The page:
The human potential movement

Officially founded in 1962 by Michael Murphy and Richard Price, Esalen was a bold intellectual venture. The two young men met in San Francisco and had similar interests in developing the Human Potential Movement. They wanted to elevate humanity and unite people through the exchange of ideas, whether ancient religions, new science, art, literature, or politics, forging an approach to thinking and being that was without boundaries between disciplines, nations, or other affiliations. It sounds naïve, perhaps—but no less so than Facebook founder Marc Zuckerberg in 2016 hoping to eradicate all disease “in our children’s lifetime.”

Murphy’s grandmother had land with a view by Big Sur, and he thought it was the perfect place for bold thinkers to exchange ideas. Price, meanwhile, had studied psychology, but in the late 1950s, he was looking for a new approach to understanding the mind. He believed this could be discovered at an institution of his own creation.

It was an audacious goal. But the pair took things slow—an approach befitting a place known to host experts on existential cool. In a radio interview months before his death in 1985, Price explained that Esalen’s beginnings were humble. It wasn’t clear they’d become cultural fixtures back then; they called themselves Big Sur Hot Springs to attract tourists. He recalled:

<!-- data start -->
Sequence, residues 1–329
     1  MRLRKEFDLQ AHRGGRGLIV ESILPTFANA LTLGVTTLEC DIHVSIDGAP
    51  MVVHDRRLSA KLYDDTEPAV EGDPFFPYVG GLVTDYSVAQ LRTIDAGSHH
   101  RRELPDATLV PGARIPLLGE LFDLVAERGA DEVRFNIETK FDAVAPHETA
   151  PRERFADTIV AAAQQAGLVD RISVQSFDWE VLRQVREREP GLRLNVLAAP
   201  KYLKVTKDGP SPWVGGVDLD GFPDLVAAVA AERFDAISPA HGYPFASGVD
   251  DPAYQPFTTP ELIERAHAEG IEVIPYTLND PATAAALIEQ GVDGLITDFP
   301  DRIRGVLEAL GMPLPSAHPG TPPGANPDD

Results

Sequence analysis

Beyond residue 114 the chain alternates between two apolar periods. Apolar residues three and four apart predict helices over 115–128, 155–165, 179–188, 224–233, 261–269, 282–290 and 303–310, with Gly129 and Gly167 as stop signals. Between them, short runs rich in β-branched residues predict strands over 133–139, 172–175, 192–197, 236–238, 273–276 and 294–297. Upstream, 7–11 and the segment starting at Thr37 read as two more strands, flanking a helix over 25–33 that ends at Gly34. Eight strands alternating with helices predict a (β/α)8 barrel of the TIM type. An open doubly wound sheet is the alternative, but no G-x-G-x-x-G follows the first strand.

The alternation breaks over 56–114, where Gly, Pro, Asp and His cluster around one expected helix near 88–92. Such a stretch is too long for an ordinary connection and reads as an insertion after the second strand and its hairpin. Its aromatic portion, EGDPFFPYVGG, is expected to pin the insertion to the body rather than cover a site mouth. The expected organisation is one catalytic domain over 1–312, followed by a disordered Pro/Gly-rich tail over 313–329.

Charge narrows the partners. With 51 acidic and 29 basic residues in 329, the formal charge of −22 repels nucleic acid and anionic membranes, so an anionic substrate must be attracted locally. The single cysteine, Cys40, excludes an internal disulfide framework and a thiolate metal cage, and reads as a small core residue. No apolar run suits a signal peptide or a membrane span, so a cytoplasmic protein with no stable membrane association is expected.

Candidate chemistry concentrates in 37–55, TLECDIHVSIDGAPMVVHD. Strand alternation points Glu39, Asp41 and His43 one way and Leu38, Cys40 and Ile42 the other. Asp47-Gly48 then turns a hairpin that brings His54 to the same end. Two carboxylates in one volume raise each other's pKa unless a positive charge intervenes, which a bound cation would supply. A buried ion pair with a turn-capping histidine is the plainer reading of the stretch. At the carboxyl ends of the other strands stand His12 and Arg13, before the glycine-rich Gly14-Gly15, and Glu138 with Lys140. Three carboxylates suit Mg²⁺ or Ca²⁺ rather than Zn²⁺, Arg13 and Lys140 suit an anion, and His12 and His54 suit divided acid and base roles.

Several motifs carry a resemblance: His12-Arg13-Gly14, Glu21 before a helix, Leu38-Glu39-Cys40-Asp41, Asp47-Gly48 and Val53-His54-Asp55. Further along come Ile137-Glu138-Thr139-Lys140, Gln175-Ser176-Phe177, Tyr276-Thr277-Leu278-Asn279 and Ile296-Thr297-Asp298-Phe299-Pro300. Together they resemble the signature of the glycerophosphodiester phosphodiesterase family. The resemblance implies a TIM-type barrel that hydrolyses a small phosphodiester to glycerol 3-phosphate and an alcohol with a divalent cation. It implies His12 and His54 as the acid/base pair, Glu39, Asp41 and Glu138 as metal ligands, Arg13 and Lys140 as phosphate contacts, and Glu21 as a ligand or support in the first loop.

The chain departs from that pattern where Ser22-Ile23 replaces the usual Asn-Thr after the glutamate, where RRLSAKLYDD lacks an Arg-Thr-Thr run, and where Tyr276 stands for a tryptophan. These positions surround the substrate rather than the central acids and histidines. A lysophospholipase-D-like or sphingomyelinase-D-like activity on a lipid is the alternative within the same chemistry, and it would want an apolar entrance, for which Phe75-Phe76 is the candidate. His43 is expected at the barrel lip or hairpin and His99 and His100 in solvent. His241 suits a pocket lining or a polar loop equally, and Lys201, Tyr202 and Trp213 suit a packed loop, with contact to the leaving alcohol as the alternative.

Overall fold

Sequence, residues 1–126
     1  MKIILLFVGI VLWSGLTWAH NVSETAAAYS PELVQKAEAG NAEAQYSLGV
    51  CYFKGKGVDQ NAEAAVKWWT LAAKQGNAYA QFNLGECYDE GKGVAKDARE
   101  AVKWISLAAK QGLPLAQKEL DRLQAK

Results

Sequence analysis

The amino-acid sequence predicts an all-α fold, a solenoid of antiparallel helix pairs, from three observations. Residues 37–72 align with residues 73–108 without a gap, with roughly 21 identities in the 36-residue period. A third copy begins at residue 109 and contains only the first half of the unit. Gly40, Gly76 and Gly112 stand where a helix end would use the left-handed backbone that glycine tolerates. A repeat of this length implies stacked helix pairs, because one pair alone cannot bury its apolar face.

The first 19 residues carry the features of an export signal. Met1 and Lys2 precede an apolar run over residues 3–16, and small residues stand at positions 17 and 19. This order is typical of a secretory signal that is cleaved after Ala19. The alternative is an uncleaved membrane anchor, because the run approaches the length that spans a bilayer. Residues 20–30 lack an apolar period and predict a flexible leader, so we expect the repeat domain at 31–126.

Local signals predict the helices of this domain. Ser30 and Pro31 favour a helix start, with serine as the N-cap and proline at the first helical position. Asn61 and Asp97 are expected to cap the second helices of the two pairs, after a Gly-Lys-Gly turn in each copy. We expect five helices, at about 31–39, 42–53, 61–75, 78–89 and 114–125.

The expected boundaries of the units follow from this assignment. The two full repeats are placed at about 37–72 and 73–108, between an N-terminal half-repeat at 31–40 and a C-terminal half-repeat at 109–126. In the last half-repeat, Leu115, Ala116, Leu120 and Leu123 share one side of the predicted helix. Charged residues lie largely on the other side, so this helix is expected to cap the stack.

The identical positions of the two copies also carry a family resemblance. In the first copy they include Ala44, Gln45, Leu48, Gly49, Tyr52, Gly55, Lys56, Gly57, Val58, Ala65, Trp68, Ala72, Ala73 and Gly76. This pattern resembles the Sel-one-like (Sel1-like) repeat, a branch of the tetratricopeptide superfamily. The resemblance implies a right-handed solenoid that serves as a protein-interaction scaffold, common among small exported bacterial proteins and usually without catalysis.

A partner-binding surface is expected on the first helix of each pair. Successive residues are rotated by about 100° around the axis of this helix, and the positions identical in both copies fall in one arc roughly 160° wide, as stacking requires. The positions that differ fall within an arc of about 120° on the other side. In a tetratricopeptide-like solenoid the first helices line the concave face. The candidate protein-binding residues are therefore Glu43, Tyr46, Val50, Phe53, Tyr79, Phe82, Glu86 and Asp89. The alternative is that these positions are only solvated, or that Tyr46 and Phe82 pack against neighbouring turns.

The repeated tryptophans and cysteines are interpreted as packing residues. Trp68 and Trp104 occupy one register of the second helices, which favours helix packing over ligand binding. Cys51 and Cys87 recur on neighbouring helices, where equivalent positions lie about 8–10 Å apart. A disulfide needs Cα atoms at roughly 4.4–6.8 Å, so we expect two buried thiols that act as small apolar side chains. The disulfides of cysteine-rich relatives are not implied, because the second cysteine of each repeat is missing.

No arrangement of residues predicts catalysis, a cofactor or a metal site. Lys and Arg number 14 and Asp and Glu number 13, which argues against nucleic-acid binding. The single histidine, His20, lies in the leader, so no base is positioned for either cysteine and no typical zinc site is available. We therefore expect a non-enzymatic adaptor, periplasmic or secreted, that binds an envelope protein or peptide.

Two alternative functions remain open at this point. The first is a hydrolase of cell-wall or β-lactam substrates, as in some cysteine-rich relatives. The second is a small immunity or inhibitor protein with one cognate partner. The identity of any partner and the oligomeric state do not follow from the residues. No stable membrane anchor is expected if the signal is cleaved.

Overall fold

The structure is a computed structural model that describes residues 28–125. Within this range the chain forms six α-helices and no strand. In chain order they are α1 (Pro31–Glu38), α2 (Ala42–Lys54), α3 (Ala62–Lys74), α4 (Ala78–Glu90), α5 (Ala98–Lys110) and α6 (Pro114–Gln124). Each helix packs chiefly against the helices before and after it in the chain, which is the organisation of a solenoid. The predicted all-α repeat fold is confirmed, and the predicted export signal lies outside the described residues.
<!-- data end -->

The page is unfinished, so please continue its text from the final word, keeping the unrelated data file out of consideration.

[O]ne of the first programs–it was probably early ’62–was Alan Watts. Alan did his own program from his own mailing list…Then gradually, I think the following year, we began to get out our own catalog and formed Esalen…then we started running weekends…by 1967, we took the Big Sur Hot Springs sign down and put the Esalen sign up.

Radical open secrets

That early invitee, Watts, was a British Episcopal priest who scrapped the clergy and Britain to become the foremost interpreter of Eastern thought for Westerners. He lived in the San Francisco Bay Area and taught at the American Academy of Asian Studies (now the California Institute of Integral Studies). He was also a popular local radio personality, and a prolific writer and speaker on being in the age of machines. Watts remains popular today because his many books and lectures are still highly relevant, and not just to technologists—to all.

In The Book (pdf), written for adults and children, Watts exposed what he called society’s greatest secret. It’s the taboo against knowing who you really are—which is, in essence, no one and everyone.

According to Watts, you aren’t an individual you, existing in a lonely body, but a flowing segment in the continuous line of life. Understanding existence as a long process which they are a part of makes people naturally empathetic to all life, Watts argued. But society discourages this view and encourages an individualistic, competitive mindset, in which humans are separate, resources are scarce, we defy nature, and individuals try to beat each other instead of cooperating.